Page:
“Water trails are designated routes people can paddle using a canoe or kayak,” Bartlow said. “It’s a great way to get out and enjoy nature, especially birdwatching. You can glide along silently and get really close to many birds. Some wading birds like herons and egrets also are much easier to find from the water.”
Bartlow says another great way to keep tabs on the species you’ve seen is the AGFC’s Wings Over Arkansas program.
“With Wings Over Arkansas, you record the bird species you see or hear on a checklist,” Bartlow said, “Once you reach certain levels, you are awarded a certificate and pin to show your accomplishment.”
Bartlow says Wings Over Arkansas is very popular with school groups and scouts, but has just as many adult participants who enjoy creating a life list of birds they’ve seen.
“Birding is something that anyone can enjoy, no matter what age they are,” Bartlow said. “And because birds can be attracted to practically any location using feeders, you don’t have to make special plans for a weekend getaway to a far off destination to enjoy the hobby.”
Visit http://gbbc.birdcount.org/ for more information about the Great Backyard Bird Count. To learn more about the Wings Over Arkansas Program or visit one of the AGFC’s four nature centers, visit http://www.agfc.com.

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01172018AWTVIf you missed an episode of the Arkansas Game and Fish Commission’s television series, Arkansas Wildlife, you still can tune in to catch it online. The first three seasons are available, in their entirety, at the show’s YouTube page.

If you were too busy hunting or fishing during the regular season to catch one of the shows, binge-watching on the YouTube channel is a great way to keep your mind on the outdoors as we approach the last few weeks of hunting season.

Trey Reid, the show’s host, says he’s received many positive comments from the show, and hopes to keep the momentum going into the next season, airing this spring.

“We appreciate all the guests who have invited us along to create the show,” Reid said. “But our biggest thanks goes to Arkansas Wildlife’s supportive and enthusiastic viewers, who have made our show a huge success.”

Highlights from season three include an exciting hunt for white-fronted geese, a young man’s first deer, and smallmouth fishing on the Caddo River and Greers Ferry Lake. Along the way, segments will show off some of the AGFC’s work on shad stockings, habitat improvement, monitoring Arkansas’s Canada goose population and what the AGFC does to bring trout and catfish to urban communities, so everyone has a chance to fish.

Visit www.youtube.com/c/arkansaswildlife to catch up on the action.

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The climb into the treestand can tax any hunter who's out of shape. Photo by Cara Holland

The climb into the treestand can tax any hunter who’s out of shape. Photo by Cara Holland

Hunters are beginning to scout, prepare food plots and set trail cameras to pattern the biggest buck in the area as summer wanes and the thrill of the next deer season builds. That same effort should be used to prepare their body for the stresses of the coming season. Nutrition and physical conditioning are keystones for success in the field, but often are overlooked.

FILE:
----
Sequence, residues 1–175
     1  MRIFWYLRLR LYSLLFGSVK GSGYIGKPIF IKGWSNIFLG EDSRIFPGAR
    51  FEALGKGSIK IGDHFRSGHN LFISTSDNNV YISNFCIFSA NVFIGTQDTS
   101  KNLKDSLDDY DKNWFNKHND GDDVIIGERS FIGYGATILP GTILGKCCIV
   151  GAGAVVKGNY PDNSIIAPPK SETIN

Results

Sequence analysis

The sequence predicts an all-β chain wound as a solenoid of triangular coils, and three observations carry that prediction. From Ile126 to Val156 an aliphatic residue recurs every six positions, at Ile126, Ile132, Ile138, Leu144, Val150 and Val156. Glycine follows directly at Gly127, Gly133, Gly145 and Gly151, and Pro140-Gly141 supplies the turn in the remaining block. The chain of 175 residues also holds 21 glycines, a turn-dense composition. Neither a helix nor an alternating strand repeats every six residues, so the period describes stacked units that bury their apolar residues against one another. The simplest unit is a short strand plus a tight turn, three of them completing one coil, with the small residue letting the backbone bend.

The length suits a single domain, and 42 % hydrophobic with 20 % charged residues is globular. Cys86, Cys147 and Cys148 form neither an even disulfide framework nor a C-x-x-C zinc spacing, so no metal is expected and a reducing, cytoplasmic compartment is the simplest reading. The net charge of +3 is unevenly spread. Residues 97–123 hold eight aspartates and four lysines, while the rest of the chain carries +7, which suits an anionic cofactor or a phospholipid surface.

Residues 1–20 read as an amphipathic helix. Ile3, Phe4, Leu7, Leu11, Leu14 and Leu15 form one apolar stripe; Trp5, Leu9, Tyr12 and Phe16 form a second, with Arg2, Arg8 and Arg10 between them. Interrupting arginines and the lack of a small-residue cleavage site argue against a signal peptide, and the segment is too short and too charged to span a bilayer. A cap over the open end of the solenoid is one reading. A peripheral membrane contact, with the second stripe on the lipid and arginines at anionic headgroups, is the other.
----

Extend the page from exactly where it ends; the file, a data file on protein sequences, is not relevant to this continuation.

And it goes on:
Hunting situations provide many intense physical demands. Even hunters who do not travel far on foot still must climb in tree stands and hopefully drag out a downed deer. The real work starts after taking a game animal, and it’s a hunter’s responsibility to recover their harvest no matter the situation. Hauling a 100+ pound deer up a ridge will cause anyone to break a sweat.

Sportsmen should be aware of their limitations to ensure they do not over-exhaust themselves while pursuing game. This concept is discussed in the National Bowhunter Education Foundation’s guide, Today’s Bowhunter:

“Conditions that hamper your physical ability to perform safely and responsibly while
hunting include: asthma, a heart condition, excess weight and poor physical conditioning.”

Hunters should stay hydrated and fuel their body with nutrient-rich foods. These are the fundamental steps in staying healthy. Kathleen Robinson, Aerobics and Fitness Association of America-certified personal trainer and personal training manager at 10 Fitness Maumelle, explains, “Dehydration causes fatigue and cravings for sugar and carbohydrates as energy sources.” Robinson continues, “More serious issues like certain infections can come from long-term dehydration, so drink to your health.”

Add a couple slices of lemon or cucumber for flavor, and keep a full cup of water nearby to stay hydrated all day.

Add a couple slices of lemon or cucumber for flavor, and keep a full cup of water nearby to stay hydrated all day.

Put in the work now to improve abilities during the season. Some simple changes in daily habits can yield good long-term results in the field:

1. Take the longer route when possible.
Parking further away forces you to be more active during daily tasks such as visiting the local outdoors shop or walking in to work every morning. These extra steps add up over time to help hike extra miles in the deer woods.

2. Skip the elevator.